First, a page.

Day 5

Our first stop in Spain felt like we were walking through the set of Game of Thrones. Palamos felt like a town that has not changed in centuries. As you looked down you saw cobble stone streets, buildings covered with vinery and flags hanging over the streets strung between buildings.

Day 6

Barcelona, or as it pronounced, “Barthelona”, did not disappoint. Most of the excursions included some aspect of the notable architecture that is seen throughout the city. This city epitomized the culture and energy of the Catalonian region of Spain. The buildings looked like something out of Alice in Wonderland. The pictures that the Flying Jayhawks took don’t even do the city justice. When the Basílica i Temple Expiatori de la Sagrada Família came into view jaws dropped. Although construction of Sagrada Família started in 1882, the massive structure will not be completed until 2026. When we arrived back on the ship, a private reception was waiting for the KU travelers.

Day 7

The Flying Jayhawks indulged in some of the best food the planet has to offer, paella. The traditional rice dish was created and perfected in Valencia. After fighting off the food coma we were able to zag our way through the streets and markets of Valencia, the third largest in Spain. The city was truly the intersection of urban contemporary and historic rustic.

Day 8

Although short, our trip to Palma de Mallorca was incredible. Many of the Jayhawks took this day as a day of leisure while others took time to explore nearby underground caves. We may or may not have gotten in a little trouble for yelling Rock Chalk just to hear it echo in the cave.

Day 9

Our last full on the trip. We arrived in Marseille, one of the largest ports in all of France. Many Jayhawks decided to take a journey to the home of Vincent van Gogh. (Now when I say home, I actually mean the mental institution he lived in!) As we returned to the ship it was group photo time!

Day 10

The cruise director told us “You don’t gotta go home, but you sure can’t stay here.” As I disembarked and reminisced on the the trip I realized that over the last 10 days I met and got to spend time with so many great Jayhawks! I heard a thousand stories of KU past and present, ate some of the best food of my life and got to see locations that I couldn’t believe were real. Here’s to the next one!

Watch the slideshow below to see more pictures from the trip, or view the photos on Flickr. You can download photos for personal use. For more information about Flying Jayhawks trips, including a schedule, visit our website.

Flying Jayhawks 2017: Mediterranean Radiance

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Haggis and More: Flying Jayhawks soak in Scotland’s charm

Posted on Sep 27, 2017 in Alumni News and News

Flying Jayhawks | Scotland | photo courtesy of Chris Lazzarino

Don’t eat haggis for breakfast. Ever.

That was the stern warning from Alice, the Flying Jayhawks’ Edinburgh-based tour guide for a weeklong glide through the understated wonders of sunny (!) Scotland.

Alice had haggis on her mind because it had recently come to her attention that our hotel—a charming, 19th-century school just a few blocks downhill from the magnificently restored Stirling Castle—had recently begun offering haggis at its breakfast buffet. She never explained exactly why this was such a bad thing—“It’s just not done,” she said, utterly exasperated—yet Alice was clear: She was none too pleased about the cultural faux pas.

Alice did not have much to worry about. We did not eat the haggis at breakfast. Most of us sampled the native dish at our welcome dinner, which featured a “Haggis Ceremony,” complete with a bagpiper, a big knife, and an energetic narrator who told us much about … well, we’re not quite sure of the details, because his Scottish brogue was a bit thick, but he was friendly and fun and a good time was had by all before finally falling into our beds for badly needed sleep.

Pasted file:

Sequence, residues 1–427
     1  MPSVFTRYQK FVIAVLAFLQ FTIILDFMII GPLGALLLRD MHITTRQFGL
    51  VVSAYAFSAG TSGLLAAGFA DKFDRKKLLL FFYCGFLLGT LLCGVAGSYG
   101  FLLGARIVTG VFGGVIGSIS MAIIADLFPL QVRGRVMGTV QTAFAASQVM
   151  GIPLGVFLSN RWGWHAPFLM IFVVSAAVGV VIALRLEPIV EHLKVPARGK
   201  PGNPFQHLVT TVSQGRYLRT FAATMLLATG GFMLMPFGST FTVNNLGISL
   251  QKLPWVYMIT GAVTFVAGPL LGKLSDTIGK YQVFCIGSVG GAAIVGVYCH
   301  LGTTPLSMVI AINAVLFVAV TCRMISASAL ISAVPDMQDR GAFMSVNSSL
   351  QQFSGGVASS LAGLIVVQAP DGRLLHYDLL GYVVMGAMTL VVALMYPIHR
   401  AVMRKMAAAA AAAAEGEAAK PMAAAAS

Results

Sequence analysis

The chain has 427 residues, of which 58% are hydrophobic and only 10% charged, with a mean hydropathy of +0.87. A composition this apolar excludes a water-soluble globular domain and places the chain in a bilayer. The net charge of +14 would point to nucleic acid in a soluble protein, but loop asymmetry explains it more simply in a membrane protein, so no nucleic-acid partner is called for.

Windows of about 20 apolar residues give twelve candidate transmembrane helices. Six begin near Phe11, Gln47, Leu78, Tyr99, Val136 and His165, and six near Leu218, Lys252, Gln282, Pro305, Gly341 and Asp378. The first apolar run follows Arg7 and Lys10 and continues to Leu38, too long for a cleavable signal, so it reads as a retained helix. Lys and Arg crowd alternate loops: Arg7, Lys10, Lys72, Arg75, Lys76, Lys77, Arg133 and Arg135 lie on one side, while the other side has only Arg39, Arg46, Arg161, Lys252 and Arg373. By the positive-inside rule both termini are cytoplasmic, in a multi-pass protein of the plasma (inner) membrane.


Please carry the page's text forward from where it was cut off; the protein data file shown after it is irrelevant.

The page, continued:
Scotland’s beloved delicacy

Enough with the haggis. But as long as we’re on the topic of beloved national delicacies, did we mention the Scotch? That’s whisky without the “e,” and we sampled the good stuff after a tour of Scotland’s oldest working distillery, Glenturret, just outside the town of Crieff. It’s a single-batch distillery that offers its lovely golden elixirs as its own (expensive) label, but also sells much of its production run to The Famous Grouse, a blender that has become the biggest-selling brand of Scotch in the world.

Back to the beginning

But that was a highlight of Day Seven. Back to the beginning. Our travelers commenced their Alumni Holidays International journey by gathering at Edinburgh International Airport. The 19 Jayhawks were joined by smaller groups from Johns Hopkins, McGill, Mississippi State and Oklahoma State universities, and we all made our acquaintances during an hour-long bus ride from Edinburgh—which was awash in festivalgoers attending a slew of international events in the Scottish capital city—to Stirling, an old, hillside town awash in history and our home for the next nine days.

Led in grand fashion by travel director Carole Petipher, a high-energy Brit who specializes in all things French yet delights in her occasional assignments to Scotland, our merry band spent the morning of our first full day touring Stirling Castle, childhood home of Mary, Queen of Scots. The “stirring vistas from the ramparts” promised in our brochure delivered splendidly, despite a cold rain that dampened no moods.

If we feared that first morning’s weather might have been an omen, we were wrong. Except for one or two brief, fast-moving storms, our nine days in Scotland were so sunny and delightful that the locals seemed a bit out of sorts. Scots are so used to complaining about their weather, we were told, that they refuse to cease their grumbling just because a little bit of sunshine.

After starting our days with history lectures from a retired local professor straight out of central casting—John was upset not about breakfast haggis, but rather the U.K.’s shocking vote to leave the European Union—we continued our journeys through the towns and countryside surrounding Stirling: the magnificent Loch Lomond in The Trossachs National Park, the golf mecca of St. Andrews, battlefields and monuments, castles and palaces.

Flying Jayhawks travel group in Scotland | Flying Jayhawks | courtesy of Chris Lazzarino